To Days of Inspiration: Explore the Evolution of Rent Through Jonathan Larson’s Own Notes
Ahead of New York Theatre Workshop’s Rent-themed gala, Jennifer Ashley Tepper guides readers through archives documenting the late composer’s process.
On March 2, the Tony- and Pulitzer Prize-winning Rent will return to its Downtown home—virtually, at least—in a gala celebration from New York Theatre Workshop. Several of the show’s original stars, myriad alums from various subsequent productions, and more will take part, paying tribute to the musical and its late creator, Jonathan Larson.
Larson died January 25, 1996, the morning of Rent‘s first performance at the Off-Broadway venue. Though he had developed the show for years prior (including in several workshops with New York Theatre Workshop), he would not see his work become an international success, beginning with a transfer to Broadway’s Nederlander Theatre, where it played for 12 years.
Below, Broadway historian Jennifer Ashley Tepper (The Untold Stories of Broadway) guides readers through archival materials illuminating Larson’s process, from documents pertaining to the earliest demo recordings to some of his final recorded thoughts before his passing.
The first three songs that Jonathan Larson wrote for Rent were “Santa Fe”, “Rent,” and “I Should Tell You”. On this sheet, we can see Jonathan planning out the budget for recording demos of these songs in December 1989 and January 1990.
The Library of Congress is home to The Jonathan Larson Papers, an extensive collection of materials that includes boxes of Jonathan’s writing, such as these handwritten lyrics of “One Song Glory” and “La Vie Bohème.”
Roger Bart was a close friend and frequent collaborator of Jonathan Larson’s. He and Jonathan recorded an early demo of the title song from Rent, with Jonathan as Mark and Roger as Roger. In fact, part of the reason for the character Roger’s name was because of Roger Bart. Here are the two collaborators at a presentation of tick, tick… BOOM!.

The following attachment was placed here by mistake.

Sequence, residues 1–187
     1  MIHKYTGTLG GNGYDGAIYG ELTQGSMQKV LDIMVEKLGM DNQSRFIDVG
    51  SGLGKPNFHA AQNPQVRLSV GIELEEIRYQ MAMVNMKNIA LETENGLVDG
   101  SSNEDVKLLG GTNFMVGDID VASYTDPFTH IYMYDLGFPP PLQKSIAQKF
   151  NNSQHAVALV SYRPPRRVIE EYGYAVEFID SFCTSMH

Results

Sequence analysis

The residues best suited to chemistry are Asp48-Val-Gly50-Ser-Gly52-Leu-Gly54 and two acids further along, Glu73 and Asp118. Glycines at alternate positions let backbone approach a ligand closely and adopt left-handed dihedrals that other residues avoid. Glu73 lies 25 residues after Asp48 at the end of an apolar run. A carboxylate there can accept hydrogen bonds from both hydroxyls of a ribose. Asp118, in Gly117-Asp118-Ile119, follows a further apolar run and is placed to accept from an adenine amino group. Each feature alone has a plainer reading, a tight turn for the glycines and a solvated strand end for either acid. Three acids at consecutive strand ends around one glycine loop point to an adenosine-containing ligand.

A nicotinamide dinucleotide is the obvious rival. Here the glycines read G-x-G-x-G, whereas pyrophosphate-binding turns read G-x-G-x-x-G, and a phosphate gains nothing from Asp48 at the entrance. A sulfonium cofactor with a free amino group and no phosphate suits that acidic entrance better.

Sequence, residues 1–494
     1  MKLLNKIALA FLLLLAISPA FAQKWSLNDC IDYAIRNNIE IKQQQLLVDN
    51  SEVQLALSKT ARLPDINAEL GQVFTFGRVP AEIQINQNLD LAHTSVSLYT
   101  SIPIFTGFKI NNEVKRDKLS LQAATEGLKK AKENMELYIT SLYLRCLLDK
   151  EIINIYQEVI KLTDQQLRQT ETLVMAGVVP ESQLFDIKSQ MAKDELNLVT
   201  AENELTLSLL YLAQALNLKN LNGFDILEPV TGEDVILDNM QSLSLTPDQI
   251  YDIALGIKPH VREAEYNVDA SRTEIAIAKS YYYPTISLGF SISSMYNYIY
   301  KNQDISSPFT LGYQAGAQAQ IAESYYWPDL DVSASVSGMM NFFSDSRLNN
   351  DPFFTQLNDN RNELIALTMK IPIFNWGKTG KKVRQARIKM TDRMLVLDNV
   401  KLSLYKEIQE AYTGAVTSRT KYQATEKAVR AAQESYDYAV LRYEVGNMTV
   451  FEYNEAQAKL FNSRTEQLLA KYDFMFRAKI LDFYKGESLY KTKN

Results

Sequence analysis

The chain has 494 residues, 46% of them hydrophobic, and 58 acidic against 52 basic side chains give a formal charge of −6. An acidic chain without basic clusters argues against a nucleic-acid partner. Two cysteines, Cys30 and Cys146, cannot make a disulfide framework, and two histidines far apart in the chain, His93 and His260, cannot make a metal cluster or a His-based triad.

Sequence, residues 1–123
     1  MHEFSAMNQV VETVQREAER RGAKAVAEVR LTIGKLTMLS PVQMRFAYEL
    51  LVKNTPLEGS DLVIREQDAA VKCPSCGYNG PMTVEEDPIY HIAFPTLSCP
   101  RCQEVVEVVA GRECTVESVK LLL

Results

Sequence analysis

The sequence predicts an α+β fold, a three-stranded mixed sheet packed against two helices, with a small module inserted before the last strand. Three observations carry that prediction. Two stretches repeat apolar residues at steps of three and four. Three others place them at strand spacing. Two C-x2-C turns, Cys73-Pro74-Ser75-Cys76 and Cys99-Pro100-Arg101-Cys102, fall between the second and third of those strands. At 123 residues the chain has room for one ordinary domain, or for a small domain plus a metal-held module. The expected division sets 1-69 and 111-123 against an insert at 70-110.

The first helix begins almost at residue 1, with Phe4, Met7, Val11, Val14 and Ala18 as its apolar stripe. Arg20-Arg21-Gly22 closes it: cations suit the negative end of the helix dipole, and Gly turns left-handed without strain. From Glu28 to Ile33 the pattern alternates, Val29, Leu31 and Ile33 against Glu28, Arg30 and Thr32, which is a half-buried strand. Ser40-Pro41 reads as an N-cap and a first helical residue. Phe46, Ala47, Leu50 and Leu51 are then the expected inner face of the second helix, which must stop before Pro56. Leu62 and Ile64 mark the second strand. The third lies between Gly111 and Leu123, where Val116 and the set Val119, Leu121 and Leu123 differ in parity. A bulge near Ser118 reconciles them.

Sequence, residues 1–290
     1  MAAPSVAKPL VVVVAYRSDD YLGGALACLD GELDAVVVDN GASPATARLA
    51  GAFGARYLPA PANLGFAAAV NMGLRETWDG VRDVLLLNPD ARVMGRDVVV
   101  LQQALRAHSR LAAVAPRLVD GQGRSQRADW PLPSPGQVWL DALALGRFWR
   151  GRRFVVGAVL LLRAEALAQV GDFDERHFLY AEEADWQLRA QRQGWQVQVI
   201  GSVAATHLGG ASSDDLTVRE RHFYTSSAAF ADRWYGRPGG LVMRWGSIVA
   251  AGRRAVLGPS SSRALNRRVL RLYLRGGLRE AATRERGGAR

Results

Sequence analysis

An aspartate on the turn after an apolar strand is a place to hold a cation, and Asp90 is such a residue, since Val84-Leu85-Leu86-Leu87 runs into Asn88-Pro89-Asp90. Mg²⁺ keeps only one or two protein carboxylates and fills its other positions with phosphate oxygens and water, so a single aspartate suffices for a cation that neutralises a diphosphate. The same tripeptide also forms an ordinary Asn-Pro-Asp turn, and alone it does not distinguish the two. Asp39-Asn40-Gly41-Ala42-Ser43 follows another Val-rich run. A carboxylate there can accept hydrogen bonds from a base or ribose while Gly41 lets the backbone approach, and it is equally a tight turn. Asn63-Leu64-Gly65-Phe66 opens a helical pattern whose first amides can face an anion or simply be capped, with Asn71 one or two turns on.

Jonathan Larson saved all of his rejection letters. He heard “no” endlessly as he tried to get his musicals and projects on stage. These are rejections from the Duplex for Jonathan’s cabaret act J. Glitz with Marin Mazzie and Scott Burkell and from the Public for his musical 1984.
New York Theatre Workshop changed his life when they were the organization to finally say yes to a full production of a Jonathan Larson musical.
This note by Jonathan was saved on one of Jonathan’s floppy discs, which live now at the New York Public Library. Between 1992 (when Jonathan first contacted NYTW about Rent), and 1996 (when the Off-Broadway production premiered), NYTW provided a staged reading and a studio production of the show so it could be further developed. The above provides insight into some of Jonathan’s thoughts after the fall 1994 studio production.
In June 1993, New York Theatre Workshop presented the first staged reading of Rent. This is a page from Jonathan Larson’s notepad on the day of that presentation, where he wrote several reminders to himself. This early reading featured an entirely different cast than who would later appear in the original production. Two notable cast members were Jonathan’s writer peers and collaborators on other projects: Rusty Magee and Bob Golden.
This is a page from Jonathan Larson’s final notepad, which he last used on January 25, 1996, the night he died. These are some of Jonathan’s notes taken while watching the final dress rehearsal of Rent at NYTW that evening.
New York Theatre Workshop’s 25 Years of Rent: Measured in Love will feature, among many others, Anthony Rapp, Idina Menzel, Daphne Rubin-Vega, Adam Pascal, Wilson Jermaine Heredia, Jesse L. Martin, Fredi Walker-Browne, Lin-Manuel Miranda, Jordan Fisher, Annaleigh Ashford, Brandon Victor Dixon, Neil Patrick Harris, Jeremy O. Harris, Ali Stroker, Ben Platt, and Billy Porter. Andy Señor Jr. directs, with Stephen Oremus and Will Van Dyke serving as music supervisor and music director, respectively.
Tickets start at $25 and are available (along with packages and sponsorships) at NYTW.org.